Juneteenth is officially a state holiday in Louisiana

Bill to declare Juneteenth as a Louisiana state holiday advances to Senate.
Bill to declare Juneteenth as a Louisiana state holiday advances to Senate.(WAFB)
Published: Jun. 7, 2021 at 5:08 AM CDT|Updated: Jun. 7, 2021 at 5:32 AM CDT
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BATON ROUGE, La. (WAFB) - Juneteenth will now be recognized as a state holiday in Louisiana.

Governor John Bel Edwards signed the bill into law Thursday, June 10 after it passed unanimously in both the House and Senate during the 2021 Legislative Session.

Most of us recognize April 9th, 1865, as the end of the Civil War. But according to State Representative Larry Selders, there’s a little bit more to the story.

“We had, like, 13 parishes that still had slavery until three years later and so that’s what the Juneteenth bill is about. You know, acknowledging the freeing of the slaves,” said Representative Larry Selders (D).

It’s a holiday growing in popularity as more people begin to learn parts of history from the Civil War that they may not have been taught before.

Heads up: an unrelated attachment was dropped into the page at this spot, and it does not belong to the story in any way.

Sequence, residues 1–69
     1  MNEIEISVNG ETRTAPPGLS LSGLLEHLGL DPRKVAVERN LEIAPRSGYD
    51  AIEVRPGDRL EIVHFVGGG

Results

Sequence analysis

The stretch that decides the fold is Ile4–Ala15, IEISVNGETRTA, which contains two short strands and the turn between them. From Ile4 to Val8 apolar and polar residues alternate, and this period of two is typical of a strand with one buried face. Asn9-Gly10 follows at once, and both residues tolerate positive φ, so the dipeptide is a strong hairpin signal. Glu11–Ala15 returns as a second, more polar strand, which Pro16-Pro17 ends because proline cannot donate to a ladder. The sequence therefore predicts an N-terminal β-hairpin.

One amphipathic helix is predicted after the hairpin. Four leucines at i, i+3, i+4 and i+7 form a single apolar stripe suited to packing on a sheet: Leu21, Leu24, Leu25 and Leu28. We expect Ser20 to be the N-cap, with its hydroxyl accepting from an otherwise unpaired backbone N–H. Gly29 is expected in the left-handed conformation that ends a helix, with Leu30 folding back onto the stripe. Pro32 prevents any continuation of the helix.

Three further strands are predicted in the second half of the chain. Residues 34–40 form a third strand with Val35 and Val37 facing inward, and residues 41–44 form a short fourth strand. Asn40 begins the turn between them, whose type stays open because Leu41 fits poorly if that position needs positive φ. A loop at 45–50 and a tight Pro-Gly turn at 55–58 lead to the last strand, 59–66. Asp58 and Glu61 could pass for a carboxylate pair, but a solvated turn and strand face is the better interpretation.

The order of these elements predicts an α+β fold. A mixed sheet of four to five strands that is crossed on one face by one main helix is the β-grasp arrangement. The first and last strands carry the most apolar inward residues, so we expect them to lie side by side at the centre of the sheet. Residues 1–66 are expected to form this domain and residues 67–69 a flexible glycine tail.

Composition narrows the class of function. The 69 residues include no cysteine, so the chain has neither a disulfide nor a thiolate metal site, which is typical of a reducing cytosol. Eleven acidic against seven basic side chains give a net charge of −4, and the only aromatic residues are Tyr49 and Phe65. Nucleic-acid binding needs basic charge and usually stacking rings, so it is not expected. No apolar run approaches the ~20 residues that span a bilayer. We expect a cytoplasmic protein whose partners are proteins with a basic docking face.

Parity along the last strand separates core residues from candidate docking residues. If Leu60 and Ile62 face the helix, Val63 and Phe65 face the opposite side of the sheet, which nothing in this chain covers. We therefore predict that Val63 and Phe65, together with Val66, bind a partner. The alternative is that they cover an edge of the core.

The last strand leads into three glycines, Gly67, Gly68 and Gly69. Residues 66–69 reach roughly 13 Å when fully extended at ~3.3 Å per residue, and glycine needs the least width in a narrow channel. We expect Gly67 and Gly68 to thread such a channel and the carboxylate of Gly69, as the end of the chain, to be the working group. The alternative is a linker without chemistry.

“I’ve worked with Erica Green, the councilwoman here in Baton Rouge. I’ve worked with Rep. Ted James and the Legislative Black Caucus, they’ve been really supportive behind it with some other colleagues as well so, it’s going good,” said Selders.

Down the road from the capitol, Jason Roberts with the “Now and Then African American Museum” says the declaration of Juneteenth as a state holiday has been long overdue.

“The celebration of Juneteenth is special because we celebrate the day when the last of us were freed,” said Roberts.

Roberts says it’s important to learn more than what some history books share.

“The people who owned slaves in Texas had not told them that they were free. So, it wasn’t until June 19th that General Gordan Granger sailed into Galveston and announced to them that they were free,” said Roberts.

Reports say 47 states already recognize Juneteenth as a state holiday.

“You know all the things going on around Baton Rouge and in the country, I like to see the unity here in the capital. At least we could have something to hold on to together,” said Selders.

“I think that if everyone actually participated in Juneteenth and got in the spirit of it, we would all come together a lot easier,” said Roberts.

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